Side Plank Hip Dips – In side plank position, on forearm or wrist (I prefer forearm), lower hips about 6 inches and then lift back up so that your body forms a straight line from ankles to shoulders. If this feels uncomfortable, just hold a side plank for 12 breaths.

Heels Taps – Lie down on your back with knees bent 90 degrees, shins parallel to the ground, knees directly over your hips. Lower the right heel towards the ground keeping the 90 degree angle in your knee. Ezhale as your knee comes back up to meet the left knee. Place a hand on your upper abdominals and try to keep your abs from moving up and down by exhaling and engaging your abs. if you already are experiencing this coning effect, avoid this move and look for more exercises to heel a diastasis recti.

Jump Squats – With feet a little wider than hip width distance apart, gently lower down into a squat. Jump up as high as you can and land back down gently into another squat. If this feel uncomfortable already, Try side to side squats. Start in the same position but instead of jumping up, take your right foot and step to the right as you lower into a squat. Step the right foot back to starting position as you stand up. Repeat on the left.

Squat Bicep Curl to Shoulder Press – Stand in a squat position with feet hip width apart holding a pair of dumbbells, 5-12.5 lbs each. Lower down into a squat. As you stand back up, curl the weights up towards your shoulders, keep elbows close by sides and then press dumbbells up overhead. Slowly lower dumbbells back to starting position and lower back down into another sweat for rep #2.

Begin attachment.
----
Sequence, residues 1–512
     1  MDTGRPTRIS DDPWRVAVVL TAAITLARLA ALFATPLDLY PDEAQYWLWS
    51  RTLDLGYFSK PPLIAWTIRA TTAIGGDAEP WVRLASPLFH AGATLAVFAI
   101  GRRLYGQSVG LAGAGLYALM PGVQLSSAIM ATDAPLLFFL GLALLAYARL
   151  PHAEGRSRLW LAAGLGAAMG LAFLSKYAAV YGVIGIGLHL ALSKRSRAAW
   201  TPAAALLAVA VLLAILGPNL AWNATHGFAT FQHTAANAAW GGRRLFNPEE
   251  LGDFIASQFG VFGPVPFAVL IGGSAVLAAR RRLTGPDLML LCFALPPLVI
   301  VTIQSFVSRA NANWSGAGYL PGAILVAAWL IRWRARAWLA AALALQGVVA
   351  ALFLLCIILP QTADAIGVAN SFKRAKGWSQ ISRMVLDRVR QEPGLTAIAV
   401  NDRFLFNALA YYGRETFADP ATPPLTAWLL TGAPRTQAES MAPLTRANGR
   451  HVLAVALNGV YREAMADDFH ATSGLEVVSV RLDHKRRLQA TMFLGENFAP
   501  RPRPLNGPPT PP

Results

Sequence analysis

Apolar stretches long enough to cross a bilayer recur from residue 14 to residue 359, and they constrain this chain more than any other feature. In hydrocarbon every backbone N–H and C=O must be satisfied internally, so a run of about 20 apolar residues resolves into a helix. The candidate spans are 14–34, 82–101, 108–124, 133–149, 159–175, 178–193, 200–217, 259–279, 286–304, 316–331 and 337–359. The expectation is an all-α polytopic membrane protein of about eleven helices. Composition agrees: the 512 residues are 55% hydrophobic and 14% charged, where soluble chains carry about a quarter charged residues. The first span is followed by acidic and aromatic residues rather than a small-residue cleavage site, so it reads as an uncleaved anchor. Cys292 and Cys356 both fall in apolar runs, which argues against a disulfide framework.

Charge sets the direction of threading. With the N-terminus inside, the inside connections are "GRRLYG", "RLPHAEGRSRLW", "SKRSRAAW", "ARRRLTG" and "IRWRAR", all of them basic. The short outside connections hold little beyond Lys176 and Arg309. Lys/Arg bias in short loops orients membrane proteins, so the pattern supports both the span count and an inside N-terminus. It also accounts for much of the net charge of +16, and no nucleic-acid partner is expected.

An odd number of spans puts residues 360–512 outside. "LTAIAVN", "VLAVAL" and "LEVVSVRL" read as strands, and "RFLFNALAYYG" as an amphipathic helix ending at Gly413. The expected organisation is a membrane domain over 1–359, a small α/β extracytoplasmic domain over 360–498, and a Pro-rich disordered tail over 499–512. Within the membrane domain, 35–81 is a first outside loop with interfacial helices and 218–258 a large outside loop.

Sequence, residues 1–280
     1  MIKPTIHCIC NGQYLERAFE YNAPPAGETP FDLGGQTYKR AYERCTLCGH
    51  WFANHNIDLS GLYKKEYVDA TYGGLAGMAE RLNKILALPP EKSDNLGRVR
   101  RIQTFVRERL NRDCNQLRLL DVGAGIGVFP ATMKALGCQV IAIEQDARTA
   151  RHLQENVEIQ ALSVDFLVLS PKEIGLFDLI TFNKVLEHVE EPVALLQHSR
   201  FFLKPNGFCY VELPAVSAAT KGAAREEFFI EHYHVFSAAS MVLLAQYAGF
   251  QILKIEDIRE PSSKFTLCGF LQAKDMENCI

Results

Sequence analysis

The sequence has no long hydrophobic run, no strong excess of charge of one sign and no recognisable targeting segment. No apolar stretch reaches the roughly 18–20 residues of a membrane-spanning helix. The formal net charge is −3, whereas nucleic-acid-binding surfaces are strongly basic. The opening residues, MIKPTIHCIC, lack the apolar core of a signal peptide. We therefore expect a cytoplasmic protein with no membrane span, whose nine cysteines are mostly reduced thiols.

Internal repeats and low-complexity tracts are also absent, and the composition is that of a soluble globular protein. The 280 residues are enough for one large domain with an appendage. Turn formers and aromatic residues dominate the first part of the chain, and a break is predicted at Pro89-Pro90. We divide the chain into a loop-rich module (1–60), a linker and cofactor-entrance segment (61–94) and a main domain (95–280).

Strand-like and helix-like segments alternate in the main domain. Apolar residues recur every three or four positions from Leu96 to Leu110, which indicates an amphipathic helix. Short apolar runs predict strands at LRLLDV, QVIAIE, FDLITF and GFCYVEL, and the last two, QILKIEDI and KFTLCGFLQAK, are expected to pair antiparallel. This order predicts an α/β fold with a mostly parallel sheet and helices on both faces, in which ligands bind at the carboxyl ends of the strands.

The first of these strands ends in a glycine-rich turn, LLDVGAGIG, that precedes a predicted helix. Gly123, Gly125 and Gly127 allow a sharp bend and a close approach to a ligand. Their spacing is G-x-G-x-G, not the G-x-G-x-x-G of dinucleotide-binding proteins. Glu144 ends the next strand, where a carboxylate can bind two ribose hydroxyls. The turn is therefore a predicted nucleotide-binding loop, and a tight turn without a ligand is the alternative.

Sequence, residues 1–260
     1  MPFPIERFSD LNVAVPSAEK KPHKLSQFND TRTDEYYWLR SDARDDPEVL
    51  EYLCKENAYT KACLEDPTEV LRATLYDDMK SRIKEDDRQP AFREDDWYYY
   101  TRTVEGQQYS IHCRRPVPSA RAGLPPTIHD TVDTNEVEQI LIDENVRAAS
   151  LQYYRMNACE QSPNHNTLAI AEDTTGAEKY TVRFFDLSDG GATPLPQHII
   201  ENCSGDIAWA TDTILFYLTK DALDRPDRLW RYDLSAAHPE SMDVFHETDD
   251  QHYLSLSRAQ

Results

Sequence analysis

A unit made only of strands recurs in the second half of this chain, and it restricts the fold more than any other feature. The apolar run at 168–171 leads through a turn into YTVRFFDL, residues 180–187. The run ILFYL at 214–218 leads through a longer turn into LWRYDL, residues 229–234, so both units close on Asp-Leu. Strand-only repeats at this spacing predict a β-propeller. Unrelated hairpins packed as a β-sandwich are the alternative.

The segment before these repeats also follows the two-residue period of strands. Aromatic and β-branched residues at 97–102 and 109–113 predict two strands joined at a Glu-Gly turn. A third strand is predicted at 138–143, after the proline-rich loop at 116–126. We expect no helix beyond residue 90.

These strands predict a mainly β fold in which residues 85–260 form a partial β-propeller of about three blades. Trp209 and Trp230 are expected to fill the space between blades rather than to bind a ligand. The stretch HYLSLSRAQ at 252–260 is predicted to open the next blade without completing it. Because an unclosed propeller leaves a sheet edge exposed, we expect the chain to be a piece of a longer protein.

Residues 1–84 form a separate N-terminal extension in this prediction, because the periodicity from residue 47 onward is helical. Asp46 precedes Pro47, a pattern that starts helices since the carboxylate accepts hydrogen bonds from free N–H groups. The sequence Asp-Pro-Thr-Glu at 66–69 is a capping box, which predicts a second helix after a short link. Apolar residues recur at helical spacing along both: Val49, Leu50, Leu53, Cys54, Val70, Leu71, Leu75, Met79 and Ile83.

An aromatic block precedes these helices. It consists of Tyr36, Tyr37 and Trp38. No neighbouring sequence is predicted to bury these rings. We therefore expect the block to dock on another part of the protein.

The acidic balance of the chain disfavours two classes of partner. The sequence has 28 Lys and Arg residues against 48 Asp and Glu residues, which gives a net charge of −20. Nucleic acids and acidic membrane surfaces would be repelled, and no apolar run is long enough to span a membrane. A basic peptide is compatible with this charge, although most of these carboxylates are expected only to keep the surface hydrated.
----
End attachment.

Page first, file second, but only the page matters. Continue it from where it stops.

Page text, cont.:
Tricep Dips – Have a bench or stair handy. Place the heel of your hand on the edge of a bench, fingers pointing towards your booty. Feet can be straight or bent. Lower down until elbows are a 90 degree angle and then press back up engaging the triceps. If this bothers your wrist, grab a pair of dumbbells and hold them straight over your head. Lower the dumbbells behind your head , and then extend the back up to starting position keeping elbows close by your ears.

Bent Over Rows – Grab a pair of heavy dumbbells and bent forward at the hips about 45 degrees. Let weights hand down under shoulders. Keeping elbows close by sides, row weights up to meet rib cage, pressing shoulders down and away from ears while pinches shoulder blades together. Lower weights back down to starting position.

Low to High Plank – One of my favorite moves! Start in a plank position on your hands. One at a time, lower down into a forearm plank. Then march right back up into a high plank. Engage your core and trying to keep your hips from rocking side to side. This move can also be done on your knees.

Stay tuned for workout #2 coming in 2 weeks…